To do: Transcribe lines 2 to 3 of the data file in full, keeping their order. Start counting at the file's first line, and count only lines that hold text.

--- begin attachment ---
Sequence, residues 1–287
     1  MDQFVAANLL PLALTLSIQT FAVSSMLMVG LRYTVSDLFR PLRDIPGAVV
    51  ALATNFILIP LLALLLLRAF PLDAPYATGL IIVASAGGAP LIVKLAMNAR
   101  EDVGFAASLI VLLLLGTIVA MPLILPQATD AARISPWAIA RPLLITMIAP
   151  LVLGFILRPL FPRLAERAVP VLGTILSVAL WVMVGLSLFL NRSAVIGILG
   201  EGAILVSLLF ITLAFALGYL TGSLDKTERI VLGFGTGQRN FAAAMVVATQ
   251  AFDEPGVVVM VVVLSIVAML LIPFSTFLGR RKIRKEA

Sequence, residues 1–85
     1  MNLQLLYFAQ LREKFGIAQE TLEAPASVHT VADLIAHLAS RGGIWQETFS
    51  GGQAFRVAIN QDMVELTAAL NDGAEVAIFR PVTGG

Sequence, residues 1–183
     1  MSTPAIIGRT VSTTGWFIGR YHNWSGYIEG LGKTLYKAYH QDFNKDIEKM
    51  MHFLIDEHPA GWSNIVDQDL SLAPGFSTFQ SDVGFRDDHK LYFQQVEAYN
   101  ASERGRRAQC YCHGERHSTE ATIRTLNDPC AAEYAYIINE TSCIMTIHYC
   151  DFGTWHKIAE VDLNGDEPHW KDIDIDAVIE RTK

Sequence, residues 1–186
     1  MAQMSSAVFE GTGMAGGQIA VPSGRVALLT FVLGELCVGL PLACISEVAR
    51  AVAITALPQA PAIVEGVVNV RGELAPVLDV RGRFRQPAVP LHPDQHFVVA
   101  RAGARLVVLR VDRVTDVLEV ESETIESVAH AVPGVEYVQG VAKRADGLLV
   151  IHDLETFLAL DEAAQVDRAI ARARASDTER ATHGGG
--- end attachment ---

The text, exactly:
     1  MDQFVAANLL PLALTLSIQT FAVSSMLMVG LRYTVSDLFR PLRDIPGAVV
    51  ALATNFILIP LLALLLLRAF PLDAPYATGL IIVASAGGAP LIVKLAMNAR